3 vegan trends to look out for

Over the past few years, veganism in South Africa has only been growing, and as we move towards 2020, it’s clear that more and more companies are capitalizing on the popularity of this movement. 

It’s no longer just a dietary trend – it’s increasingly obvious that a shift towards a plant-based diet is necessary if we want to avert the worst effects of climate change. 

“If we want to create a more sustainable society, we need to rethink our entire food system – and the good news is that every day, more people get on board with this lifestyle,” says Sven Fautley, the Western Cape Head of The Vegan Society of South Africa.

So, what’s on the vegan menu for the rest of 2019? Get ready to have some new plant-based favourites by the end of the year – brands are getting creative, and now, it’s clear that veganism is about compassion and innovation, not restriction.

OatMilk2 - 3 vegan trends to look out for
Naturally, oat milk isn’t as nutritious as whole oats. As a result, it’s often enriched with nutrients — including calcium, potassium, iron, and vitamins A and D. Picture from Pexels

1. Oat milk

Oat milk has slowly become a favourite of baristas everywhere, and the general public is definitely catching on to this trend. It tastes so delicious in coffee, and while it can be pricey at coffee shops, it is cheap and easy to make in your own kitchen.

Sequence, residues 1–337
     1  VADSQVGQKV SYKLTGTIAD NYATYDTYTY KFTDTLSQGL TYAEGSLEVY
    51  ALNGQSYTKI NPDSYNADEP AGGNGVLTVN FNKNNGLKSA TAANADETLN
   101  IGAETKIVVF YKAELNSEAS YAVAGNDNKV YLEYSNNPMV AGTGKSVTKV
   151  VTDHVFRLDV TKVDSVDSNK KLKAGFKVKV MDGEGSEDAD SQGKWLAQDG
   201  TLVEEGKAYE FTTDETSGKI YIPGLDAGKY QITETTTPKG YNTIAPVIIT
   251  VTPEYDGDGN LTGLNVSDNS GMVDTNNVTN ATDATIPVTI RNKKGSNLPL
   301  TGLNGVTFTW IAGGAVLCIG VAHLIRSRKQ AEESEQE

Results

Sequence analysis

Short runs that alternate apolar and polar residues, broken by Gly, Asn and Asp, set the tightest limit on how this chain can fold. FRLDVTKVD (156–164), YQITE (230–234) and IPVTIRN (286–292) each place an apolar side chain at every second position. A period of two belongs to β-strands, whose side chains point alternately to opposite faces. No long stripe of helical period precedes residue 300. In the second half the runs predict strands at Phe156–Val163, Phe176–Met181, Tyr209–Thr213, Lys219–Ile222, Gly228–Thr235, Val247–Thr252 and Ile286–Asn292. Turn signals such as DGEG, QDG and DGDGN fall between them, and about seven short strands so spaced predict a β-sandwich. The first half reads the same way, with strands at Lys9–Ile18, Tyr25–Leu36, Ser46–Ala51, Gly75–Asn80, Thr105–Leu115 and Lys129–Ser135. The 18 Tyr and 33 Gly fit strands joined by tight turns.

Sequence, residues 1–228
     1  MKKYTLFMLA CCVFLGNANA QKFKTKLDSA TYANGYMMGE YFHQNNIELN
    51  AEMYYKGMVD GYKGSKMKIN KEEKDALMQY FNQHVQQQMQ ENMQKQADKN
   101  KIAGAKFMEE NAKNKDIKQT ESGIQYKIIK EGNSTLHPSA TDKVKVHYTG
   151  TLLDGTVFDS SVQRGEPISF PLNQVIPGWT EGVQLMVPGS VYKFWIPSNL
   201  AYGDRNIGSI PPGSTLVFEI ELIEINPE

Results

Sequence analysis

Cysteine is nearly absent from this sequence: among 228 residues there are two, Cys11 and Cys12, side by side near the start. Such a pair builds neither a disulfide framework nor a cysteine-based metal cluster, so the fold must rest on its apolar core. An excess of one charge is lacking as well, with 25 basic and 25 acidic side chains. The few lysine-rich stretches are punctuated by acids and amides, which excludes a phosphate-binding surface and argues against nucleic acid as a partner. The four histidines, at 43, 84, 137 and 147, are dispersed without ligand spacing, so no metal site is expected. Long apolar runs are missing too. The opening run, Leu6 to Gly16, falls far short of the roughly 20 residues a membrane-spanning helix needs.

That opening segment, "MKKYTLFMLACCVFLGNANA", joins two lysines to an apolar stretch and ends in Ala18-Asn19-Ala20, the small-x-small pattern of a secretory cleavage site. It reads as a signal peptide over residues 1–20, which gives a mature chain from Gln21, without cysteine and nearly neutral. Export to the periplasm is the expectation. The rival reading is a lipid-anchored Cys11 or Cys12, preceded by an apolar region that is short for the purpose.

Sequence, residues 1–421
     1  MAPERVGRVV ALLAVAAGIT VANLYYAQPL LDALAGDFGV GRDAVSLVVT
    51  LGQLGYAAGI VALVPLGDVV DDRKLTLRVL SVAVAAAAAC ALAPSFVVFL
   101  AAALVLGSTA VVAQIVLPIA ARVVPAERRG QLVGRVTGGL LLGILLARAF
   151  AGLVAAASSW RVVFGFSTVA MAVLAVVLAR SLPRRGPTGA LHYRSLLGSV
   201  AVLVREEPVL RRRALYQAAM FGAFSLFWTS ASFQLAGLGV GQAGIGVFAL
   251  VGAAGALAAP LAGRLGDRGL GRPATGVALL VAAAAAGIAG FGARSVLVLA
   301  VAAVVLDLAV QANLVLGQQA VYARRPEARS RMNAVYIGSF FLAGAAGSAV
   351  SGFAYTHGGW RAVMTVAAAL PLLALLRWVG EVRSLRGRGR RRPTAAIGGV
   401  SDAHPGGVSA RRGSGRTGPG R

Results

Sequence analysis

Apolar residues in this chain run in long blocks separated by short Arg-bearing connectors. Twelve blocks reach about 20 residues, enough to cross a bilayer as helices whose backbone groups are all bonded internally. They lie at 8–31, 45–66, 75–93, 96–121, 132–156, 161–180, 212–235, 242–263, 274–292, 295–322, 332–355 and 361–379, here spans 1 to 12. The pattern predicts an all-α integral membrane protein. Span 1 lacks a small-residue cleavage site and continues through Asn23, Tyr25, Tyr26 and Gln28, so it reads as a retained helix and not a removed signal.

“If you would rather go the DIY route for plant milks than purchase them at the store, oat milk is the obvious choice," advises Fautley. Oat milk has a natural sweetness without adding any refined sugar, and it’s super thick and creamy – expect to see it in coffee shops and grocery stores everywhere this year. 

Bonus: as it gets more popular, the price will probably start to drop a bit, too.

VeganSushi2 - 3 vegan trends to look out for
Developments in plant-based alternatives to fish and other marine life have the potential to save our oceans. Picture from Pexels

2. Plant-based seafood substitutes

We’ve got plenty of faux chicken, burgers, and even bacon – but when it comes to plant-based seafood, the options have been lagging behind. Until now, that is. 

According to Fautley, “With an increasing awareness of issues like over-fishing, more people are opting to leave seafood behind in the past, and the demand for plant-based alternatives is going up”. 

In 2019, we’ve seen more vegan versions of your old favourite seafood dishes to hit grocery store shelves and pop up on restaurant menus. Brands are putting out more vegan shrimp, tuna, crab cakes, fish fillets, and even “fancier” choices like vegan smoked salmon! This is definitely an area for brands to get creative.

BlackBeanveganburger - 3 vegan trends to look out for
Vegan black bean burger from Roxanne’s Eatery in Morningside. Picture supplied.

3. Vegan fast food

If you’ve turned to veganism for health reasons, you might not be too interested in trying out any vegan fast food options – but for those of you who came to this lifestyle because of ethical or environmental concerns, it could be fun to indulge once in a while. 

“Vegan fast food may not fit into a whole foods, plant based diet, but this is actually a welcome development”, says Fautley. Many people hesitate to go vegan because they think that it’s going to be too inconvenient, and people who travel often are especially likely to have these concerns. 

“But when affordable chains are offering quick, tasty vegan meals, it shows people that veganism does not have to be restrictive,” concedes Fautley.

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